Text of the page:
Senior researcher, OECD Halden Reactor Project, Halden,
Senior researcher, Institutt for energiteknikk, Nuclear Fuel Materials Technology, Kjeller,
Researcher, Institutt for energiteknikk, Nuclear Fuel Materials Technology, Kjeller,
Senior researcher, Framatome ANP GmbH, Nuclear Fuel Cycle, NBTW, Erlangen,
Manager, Nuclear Power Engineering, Tokyo Electric Power Company (TEPCO), Toyko,
Deputy manager, Nuclear Power Engineering, Tokyo Electric Power Company (TEPCO), Toyko,
Pages: 21 Published: Jan 2002
Thermal-hydraulic transients in LWRs can result in short-term dry-out at the fuel rod surface with subsequent temperature increases of the cladding. In order to assess post dry-out fuel performance, it is necessary to know what effect such transient heating has on the microstructural and mechanical properties of irradiated Zircaloy cladding, and for this reason a series of dry-out experiments were carried out at the Halden Reactor Project.
Two fresh and six pre-irradiated (22 to 40 MWd/kgU) fuel rod segments were individually exposed to reduced or no-flow conditions in a heated light water loop within the Halden reactor. Surface thermocouples were used to monitor clad temperature during the dry-out events together with clad elongation detectors. Dry-out occurred over the upper region of each rod, but due to poor thermal contact between some of the thermocouples and the cladding, six of the rods were more severely tested than planned. These six rods developed peak clad temperatures (PCTs) in the range 950 to 1200°C, while PCTs of 750 to 850°C occurred in the other two rods as planned.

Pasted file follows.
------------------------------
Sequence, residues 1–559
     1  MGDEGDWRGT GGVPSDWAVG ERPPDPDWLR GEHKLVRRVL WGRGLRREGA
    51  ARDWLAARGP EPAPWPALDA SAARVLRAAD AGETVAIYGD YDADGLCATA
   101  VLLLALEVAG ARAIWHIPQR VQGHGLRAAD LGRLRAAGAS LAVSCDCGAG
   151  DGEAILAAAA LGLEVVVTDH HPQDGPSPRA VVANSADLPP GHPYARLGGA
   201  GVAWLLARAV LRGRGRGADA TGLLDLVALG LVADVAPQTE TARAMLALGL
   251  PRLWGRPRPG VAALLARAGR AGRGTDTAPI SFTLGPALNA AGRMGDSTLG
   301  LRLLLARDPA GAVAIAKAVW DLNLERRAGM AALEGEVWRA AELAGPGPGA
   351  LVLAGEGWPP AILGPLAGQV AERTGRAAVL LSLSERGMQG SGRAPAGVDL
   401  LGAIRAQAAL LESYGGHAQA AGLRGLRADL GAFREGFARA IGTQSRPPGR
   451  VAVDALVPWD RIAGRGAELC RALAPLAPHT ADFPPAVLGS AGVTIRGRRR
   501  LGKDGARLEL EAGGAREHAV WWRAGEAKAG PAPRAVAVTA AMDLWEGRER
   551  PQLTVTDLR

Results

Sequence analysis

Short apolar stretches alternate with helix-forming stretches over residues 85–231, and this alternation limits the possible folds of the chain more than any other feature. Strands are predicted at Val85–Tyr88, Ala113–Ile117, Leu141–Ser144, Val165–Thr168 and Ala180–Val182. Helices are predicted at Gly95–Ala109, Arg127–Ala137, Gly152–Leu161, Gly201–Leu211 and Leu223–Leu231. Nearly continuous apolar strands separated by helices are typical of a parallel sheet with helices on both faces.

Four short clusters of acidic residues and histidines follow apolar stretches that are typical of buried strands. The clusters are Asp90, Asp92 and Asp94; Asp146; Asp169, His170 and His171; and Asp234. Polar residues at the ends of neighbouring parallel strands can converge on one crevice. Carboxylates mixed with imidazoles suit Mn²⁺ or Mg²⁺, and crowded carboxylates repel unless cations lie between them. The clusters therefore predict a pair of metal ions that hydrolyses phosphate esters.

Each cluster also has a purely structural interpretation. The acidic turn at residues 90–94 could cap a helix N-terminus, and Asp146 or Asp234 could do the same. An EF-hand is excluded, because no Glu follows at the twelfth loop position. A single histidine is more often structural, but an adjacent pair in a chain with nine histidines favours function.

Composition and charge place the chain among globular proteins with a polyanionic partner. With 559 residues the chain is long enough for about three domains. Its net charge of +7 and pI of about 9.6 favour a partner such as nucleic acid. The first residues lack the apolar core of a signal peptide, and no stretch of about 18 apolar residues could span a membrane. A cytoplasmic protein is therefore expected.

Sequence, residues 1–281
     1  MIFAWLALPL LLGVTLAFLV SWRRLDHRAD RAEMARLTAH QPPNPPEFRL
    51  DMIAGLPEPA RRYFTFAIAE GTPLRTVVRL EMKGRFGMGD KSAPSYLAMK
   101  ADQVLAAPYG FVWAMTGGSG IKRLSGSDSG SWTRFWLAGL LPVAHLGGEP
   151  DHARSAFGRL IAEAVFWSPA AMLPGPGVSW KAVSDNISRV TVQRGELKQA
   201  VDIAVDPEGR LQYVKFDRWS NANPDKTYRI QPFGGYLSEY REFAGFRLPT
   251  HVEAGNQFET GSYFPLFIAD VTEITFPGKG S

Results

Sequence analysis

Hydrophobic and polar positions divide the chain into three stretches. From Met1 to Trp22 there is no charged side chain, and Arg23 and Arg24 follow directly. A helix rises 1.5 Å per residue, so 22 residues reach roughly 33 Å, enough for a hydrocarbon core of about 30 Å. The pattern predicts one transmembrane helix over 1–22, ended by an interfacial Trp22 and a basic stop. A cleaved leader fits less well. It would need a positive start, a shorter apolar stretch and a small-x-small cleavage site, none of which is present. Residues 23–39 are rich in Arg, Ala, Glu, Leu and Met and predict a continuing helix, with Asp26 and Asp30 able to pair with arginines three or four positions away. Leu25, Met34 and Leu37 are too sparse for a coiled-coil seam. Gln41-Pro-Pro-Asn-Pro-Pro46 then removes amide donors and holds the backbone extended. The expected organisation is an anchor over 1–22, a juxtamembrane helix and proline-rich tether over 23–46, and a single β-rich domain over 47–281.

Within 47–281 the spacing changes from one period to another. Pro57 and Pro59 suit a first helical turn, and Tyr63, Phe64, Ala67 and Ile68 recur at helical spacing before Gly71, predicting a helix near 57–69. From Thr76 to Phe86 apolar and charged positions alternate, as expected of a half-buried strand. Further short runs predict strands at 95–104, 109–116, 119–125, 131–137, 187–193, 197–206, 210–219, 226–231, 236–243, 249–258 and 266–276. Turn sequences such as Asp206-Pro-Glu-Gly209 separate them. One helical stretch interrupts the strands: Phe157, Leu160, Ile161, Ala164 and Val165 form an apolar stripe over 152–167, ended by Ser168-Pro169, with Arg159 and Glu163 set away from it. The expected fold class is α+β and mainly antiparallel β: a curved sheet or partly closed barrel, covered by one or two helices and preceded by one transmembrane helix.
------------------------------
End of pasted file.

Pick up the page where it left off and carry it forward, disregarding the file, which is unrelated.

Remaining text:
Clad surface condition and fuel rod dimensions were assessed post dry-out followed by destructive PIE to investigate clad microstructure and mechanical properties. Some rods exhibited clad collapse into pellet-pellet interfaces, and in the most severely tested rods the clad had undergone α to β phase transformation. The material with a quenched, former β-grain structure exhibited reduced UTS and brittle fracture in testing at room temperature, but did not fail in-pile. Significant improvement in ductility was observed in clad that had been exposed to the less severe transients, where a small α-phase grain structure was retained.
Zircaloy cladding, dry-out, microstructure, mechanical properties, embrittlement, annealing, irradiation
Paper ID: STP11409S